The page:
PL:  Well, it’s in dire disrepair now.  What happened, more than once, is that people broke into the building and stole parts of the telescope.  … Its final demise was somebody came in and actually stole the objective lens out of the telescope, and it wasn’t worth replacing.  So, it’s just a shell of a building now.  … Well, there’s the frame of the telescope maybe, but we have a new telescope over on the Busch campus, so if you want to see the stars and planets that we used to see, we can do it up on the physics building now.  [Editor’s Note:  The Robert A. Schommer Astronomical Observatory is located on top of the Serin Physics Laboratory on Busch Campus.]

SH:  The Schanck Observatory is at the corner of George and Hamilton.

PL:  Right.  The other thing that’s happened there, is that they have let trees grow up around it, and the other thing that’s happened is that they put street lights along there, and a parking deck across the street, so the light pollution is impossible there.  So, it’s not a good place anymore, but … in its day, in the nineteenth century, it was a very important place.  It was a place where they actually, accurately, measured time.  There is a little building that’s associated with it that has a little slit of a roof going across, and they would measure the transit of the sun precisely, they’d measure the time there.  [Editor’s Note:  The Schanck Observatory was built in 1865 to study astronomy at Rutgers.  Named after its donor, Daniel S. Schanck, it was patterned after the Tower of the Winds in Athens, Greece.]





Wallpaper Wednesday (Snow at ESO’s Paranal)

26 12 2012
Dark Sky and White Desert. Photo credit: ESO/Yuri Beletsky

Dark Sky and White Desert. Photo credit: ESO/Yuri Beletsky

It’s difficult to find a snowy shot of the observatory at Cerro Paranal. The air is so dry in the Atacama Desert that precipitation is a rarity, even at the elevation of 2,600 meters (8,500 feet). In addition to the domes of the VLT, this wintry scene includes a satellite trail and a meteor trail. Such good fortune for a photographer!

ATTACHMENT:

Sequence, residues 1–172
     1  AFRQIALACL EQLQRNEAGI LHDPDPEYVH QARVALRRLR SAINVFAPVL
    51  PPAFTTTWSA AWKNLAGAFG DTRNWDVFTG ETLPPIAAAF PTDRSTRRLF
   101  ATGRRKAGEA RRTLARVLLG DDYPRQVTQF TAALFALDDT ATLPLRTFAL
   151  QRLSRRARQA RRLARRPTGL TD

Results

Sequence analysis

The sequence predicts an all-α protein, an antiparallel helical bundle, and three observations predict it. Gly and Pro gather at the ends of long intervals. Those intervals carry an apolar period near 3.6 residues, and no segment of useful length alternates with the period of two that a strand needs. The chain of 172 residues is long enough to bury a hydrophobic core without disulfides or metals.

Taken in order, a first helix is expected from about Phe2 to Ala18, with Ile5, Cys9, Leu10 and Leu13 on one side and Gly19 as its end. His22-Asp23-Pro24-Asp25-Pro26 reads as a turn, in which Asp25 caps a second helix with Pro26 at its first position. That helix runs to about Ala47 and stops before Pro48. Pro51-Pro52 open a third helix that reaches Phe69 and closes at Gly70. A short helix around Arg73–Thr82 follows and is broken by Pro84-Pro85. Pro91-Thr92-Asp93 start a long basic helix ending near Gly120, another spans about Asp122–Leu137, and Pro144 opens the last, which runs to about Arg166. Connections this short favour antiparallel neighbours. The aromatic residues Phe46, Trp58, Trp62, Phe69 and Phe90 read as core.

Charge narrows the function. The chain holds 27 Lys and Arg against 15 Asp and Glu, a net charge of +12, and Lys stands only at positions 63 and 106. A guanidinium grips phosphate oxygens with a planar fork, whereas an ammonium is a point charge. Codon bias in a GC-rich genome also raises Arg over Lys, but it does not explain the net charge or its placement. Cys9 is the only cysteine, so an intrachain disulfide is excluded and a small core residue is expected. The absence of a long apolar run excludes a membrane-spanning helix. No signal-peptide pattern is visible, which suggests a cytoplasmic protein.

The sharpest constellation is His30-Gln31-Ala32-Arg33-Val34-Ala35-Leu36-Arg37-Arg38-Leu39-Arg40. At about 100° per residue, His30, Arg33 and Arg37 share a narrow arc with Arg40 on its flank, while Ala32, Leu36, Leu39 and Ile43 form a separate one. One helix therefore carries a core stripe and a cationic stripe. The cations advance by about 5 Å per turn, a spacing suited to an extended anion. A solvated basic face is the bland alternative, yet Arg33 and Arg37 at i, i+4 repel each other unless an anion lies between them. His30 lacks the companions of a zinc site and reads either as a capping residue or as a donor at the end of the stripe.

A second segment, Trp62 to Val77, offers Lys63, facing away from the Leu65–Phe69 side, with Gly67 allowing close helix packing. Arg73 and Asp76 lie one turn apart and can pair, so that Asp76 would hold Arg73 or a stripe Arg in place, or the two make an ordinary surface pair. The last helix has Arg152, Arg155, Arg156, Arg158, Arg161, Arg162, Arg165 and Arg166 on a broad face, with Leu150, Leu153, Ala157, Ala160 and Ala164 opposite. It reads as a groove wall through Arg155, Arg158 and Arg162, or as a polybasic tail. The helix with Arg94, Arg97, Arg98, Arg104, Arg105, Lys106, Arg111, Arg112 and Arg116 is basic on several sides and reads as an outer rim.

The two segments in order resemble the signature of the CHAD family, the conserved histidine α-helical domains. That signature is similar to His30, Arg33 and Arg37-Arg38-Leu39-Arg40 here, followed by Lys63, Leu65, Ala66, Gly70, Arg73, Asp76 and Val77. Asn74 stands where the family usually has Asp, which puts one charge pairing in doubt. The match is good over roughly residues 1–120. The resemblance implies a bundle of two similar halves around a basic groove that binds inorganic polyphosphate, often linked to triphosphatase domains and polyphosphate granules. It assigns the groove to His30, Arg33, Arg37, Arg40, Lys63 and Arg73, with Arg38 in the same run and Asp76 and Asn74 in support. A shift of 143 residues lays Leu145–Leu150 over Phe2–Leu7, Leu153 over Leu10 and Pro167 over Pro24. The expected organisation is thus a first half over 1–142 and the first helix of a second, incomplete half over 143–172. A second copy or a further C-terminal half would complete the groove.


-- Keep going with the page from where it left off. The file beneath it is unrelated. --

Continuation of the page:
Right click on the image to download an image for your computer desktop (right sidebar of the ESO page).





Wallpaper Wednesday (Sydney Observatory)

28 11 2012

Sydney Observatory, Sydney, Australia. Photo credit: Andrew, HDR Cafe

Today, I’m directing you toward a nice HDR image of the Sydney Observatory. Actually, I’m directing you to something even better; the flashy, crowd-pleasing image is just a diversion. Last night, I stumbled across a small treasure trove. Scattered across the Sydney Observatory’s blog are several reproductions and transcriptions of letters written by past NSW Government Astronomers: G. R. Smalley (1864–1870); H. C. Russell (1870–1907); and H. A. Lenehan (1907–1908). My favorite was the first one I found:

Letter by H. C. Russell, 4 June 1869. Image courtesy: Sydney Observatory

June 4th [186]9

Sir

I am directed by the
Government Astronomer to inform
you that he is put to very great
inconvenience by the smoky
state of the chimney in his Computing
Room, the smoke from which
sometimes drives him out of the
Room, while at others
everything in the Room gets covered
with soot and ashes; I am further
directed to ask you to carry into
effect with as little delay as
possible the requisition dated May 18
for the performance of this work.

I have the honor to be
Sir
Your obedient servant
H C Russell
for the
Govt Astronomer

The Colonial Architect

Follow this link to read more letters, click on photograph of the observatory to go to the image download page.